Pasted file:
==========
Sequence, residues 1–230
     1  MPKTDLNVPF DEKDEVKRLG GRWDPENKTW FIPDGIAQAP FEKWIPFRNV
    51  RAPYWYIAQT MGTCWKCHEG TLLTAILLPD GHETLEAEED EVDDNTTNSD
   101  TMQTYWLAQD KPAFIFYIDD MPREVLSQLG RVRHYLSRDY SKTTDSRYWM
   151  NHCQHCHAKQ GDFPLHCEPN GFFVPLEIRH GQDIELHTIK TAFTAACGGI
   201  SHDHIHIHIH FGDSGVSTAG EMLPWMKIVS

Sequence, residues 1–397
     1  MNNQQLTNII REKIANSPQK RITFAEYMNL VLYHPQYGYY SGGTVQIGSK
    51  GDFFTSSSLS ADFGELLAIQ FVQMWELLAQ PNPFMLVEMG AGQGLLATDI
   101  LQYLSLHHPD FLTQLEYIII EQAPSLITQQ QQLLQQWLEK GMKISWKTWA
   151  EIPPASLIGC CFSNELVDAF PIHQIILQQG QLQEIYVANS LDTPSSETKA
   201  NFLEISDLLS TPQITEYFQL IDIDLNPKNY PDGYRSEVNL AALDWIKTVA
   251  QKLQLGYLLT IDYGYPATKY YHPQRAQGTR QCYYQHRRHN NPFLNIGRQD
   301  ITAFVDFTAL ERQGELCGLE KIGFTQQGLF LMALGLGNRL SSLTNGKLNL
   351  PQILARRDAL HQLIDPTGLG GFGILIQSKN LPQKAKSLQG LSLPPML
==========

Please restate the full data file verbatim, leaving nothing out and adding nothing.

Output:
Sequence, residues 1–230
     1  MPKTDLNVPF DEKDEVKRLG GRWDPENKTW FIPDGIAQAP FEKWIPFRNV
    51  RAPYWYIAQT MGTCWKCHEG TLLTAILLPD GHETLEAEED EVDDNTTNSD
   101  TMQTYWLAQD KPAFIFYIDD MPREVLSQLG RVRHYLSRDY SKTTDSRYWM
   151  NHCQHCHAKQ GDFPLHCEPN GFFVPLEIRH GQDIELHTIK TAFTAACGGI
   201  SHDHIHIHIH FGDSGVSTAG EMLPWMKIVS

Sequence, residues 1–397
     1  MNNQQLTNII REKIANSPQK RITFAEYMNL VLYHPQYGYY SGGTVQIGSK
    51  GDFFTSSSLS ADFGELLAIQ FVQMWELLAQ PNPFMLVEMG AGQGLLATDI
   101  LQYLSLHHPD FLTQLEYIII EQAPSLITQQ QQLLQQWLEK GMKISWKTWA
   151  EIPPASLIGC CFSNELVDAF PIHQIILQQG QLQEIYVANS LDTPSSETKA
   201  NFLEISDLLS TPQITEYFQL IDIDLNPKNY PDGYRSEVNL AALDWIKTVA
   251  QKLQLGYLLT IDYGYPATKY YHPQRAQGTR QCYYQHRRHN NPFLNIGRQD
   301  ITAFVDFTAL ERQGELCGLE KIGFTQQGLF LMALGLGNRL SSLTNGKLNL
   351  PQILARRDAL HQLIDPTGLG GFGILIQSKN LPQKAKSLQG LSLPPML